The best tomato growing tips for beginners for growing all types of tomatoes. How to grow tomatoes from seeds or plants successfully!
The best tasting tomatoes are the ones you grow yourself! Tomato plants are the most popular vegetable grown in modern gardens. When you realize that there are hundreds of different types of varieties, in several colors, for every climate, it's no wonder that they get so much attention. There is the big beef tomato, grape tomato or yellow pear tomato. You can also grow black or yellow striped tomatoes. There is just an endless variety to suit every bodies needs.
On top of that, tomatoes are plain delicious, especially when cultivated in a home garden. You can also grow tomatoes in pots if you are limited in space. Luckily, for ambitious gardeners, growing tomatoes is quite easy. If you follow a fairly straightforward process, you can expect to have a successful harvest after just a few months.
Photo: Silver Creek Garden
Cultivating tomatoes is very easy to do by starting your own seeds. Greenhouse starts are quite limited in variety, so in order to taken advantage of the many variations in tomatoes, this will necessary. You can find seeds for yellow, green, black, red or pink tomatoes. Expect to see different leaf types, as well as dwarf plants. Both full size, as well as smaller globes are standard, as well as salad tomatoes, such as cherry or grape varieties.
To start tomato seeds, a seed-starting potting mix is your best option. Moisten the soil mixture and pat into your planting container firmly. With a standard pencil, drill two holes about ¼ deep. Place one tomato seed in each hole and cover with soil. Keep the soil moist and you can expect to see germination within 5-7 days.
Tomato seeds prefer a warm soil temperature of about 70 to 80 degrees.
At higher or lower temperatures, germination
may slow or seeds may rot before a seedling even emerges. Tomato seeds
should be planted approximately six weeks before your last date of
expected frost. If you have room, you can start them in a warm and bright place in the house.
Seedling Stage: Once you see all your tomato starts poke out of the dirt, your tiny plants will need some supplemental lighting. If you are lucky enough to have a large, south-facing window, this may do the trick. Otherwise, grow lamps or fluorescent lights will need to be, resulting in spindly seedlings.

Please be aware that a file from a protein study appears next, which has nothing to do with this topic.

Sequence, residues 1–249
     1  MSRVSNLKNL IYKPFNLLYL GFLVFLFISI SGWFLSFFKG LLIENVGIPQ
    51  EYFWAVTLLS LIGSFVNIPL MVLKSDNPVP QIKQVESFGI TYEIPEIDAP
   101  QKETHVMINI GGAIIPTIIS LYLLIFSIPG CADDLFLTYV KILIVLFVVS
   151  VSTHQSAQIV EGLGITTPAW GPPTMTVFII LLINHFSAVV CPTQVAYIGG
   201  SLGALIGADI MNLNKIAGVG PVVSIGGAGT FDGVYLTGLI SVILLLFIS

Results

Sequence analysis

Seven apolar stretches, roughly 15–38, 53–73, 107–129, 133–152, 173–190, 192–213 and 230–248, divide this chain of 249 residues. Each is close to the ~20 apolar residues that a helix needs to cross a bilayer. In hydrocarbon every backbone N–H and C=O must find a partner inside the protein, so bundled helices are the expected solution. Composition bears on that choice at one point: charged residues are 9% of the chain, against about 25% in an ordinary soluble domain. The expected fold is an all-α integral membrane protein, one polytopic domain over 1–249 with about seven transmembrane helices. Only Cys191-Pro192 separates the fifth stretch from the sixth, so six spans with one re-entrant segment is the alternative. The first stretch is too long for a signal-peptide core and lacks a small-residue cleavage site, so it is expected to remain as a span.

Once your plants have grown their second sets of leaves you should transplant them into individual pots. Gently lift the small plants out of the seeds tray and pull them apart carefully. Fill a small container with organic potting soil and punch a hole into the center. Insert your tomato plant and a bit of the stem into the hole and fill with soil.
You can plant tomato plants a bit deeper because they will start growing roots along the stem. Firm a little bit with your fingers and water them in well.
Place them into a sunny spot on a window sill or a glasshouse. They will have to stay in until the weather has warmed up. Give them a little support like a bamboo cane as they grow to keep them nice a straight.
Once you have been growing your tomato plants for around six weeks, you will need to begin thinking about planting them outside. Many people make the mistake of introducing the adolescent plants to the outdoor environment suddenly and failure can be the result.
Give yourself a week to adjust your plants, or harden them. Leave them outside for about an hour on the first day and gradually increase the time until they have spent a full day in their outside environment. Don't forget to pay closer attention to watering tomato plants, as they will dry out quicker. Once properly hardened, they can planted in your garden.
If you only want to grow a few plants or are just starting off with gardening it might be easiest for you to buy plants that are already started. You can buy them from your nearest garden center or from a good online supplier.
Once you receive your plants pot them on into a larger container or into their final position. Don't forget to stake your plants and tie them as they grow. A tomato cage is very helpful for this. You can find tomato cages here.
Indeterminate tomato varieties (the not bushy ones) will need side shoots and suckers removed.
Tomatoes are ideal for growing in pots and will completely mature indoors, without any supplementary pollination. If you do want to attempt growing tomatoes in a pot, favor dwarf varieties, or determinate cherry or grape tomatoes.
It will be unnecessary to harden the plants before transplanting to your pots. Also, while tomato plants may live a long time in a pot, they may tire after 8 months or so of growth. Nutrients can become depleted, so add the appropriate tomato fertilizer while watering tomato plants on a regular basis.
Garden Cress indoors is one of the simplest things to grow. Grow cress on your window sill during the winter and boost your immune system with lots of Vitamin C from this easy to grow culinary herb!
Check out the November 2017 issue of the 'Homestead Gardener' Digital Magazine for organic gardening tips, permaculture and self-sufficiency.
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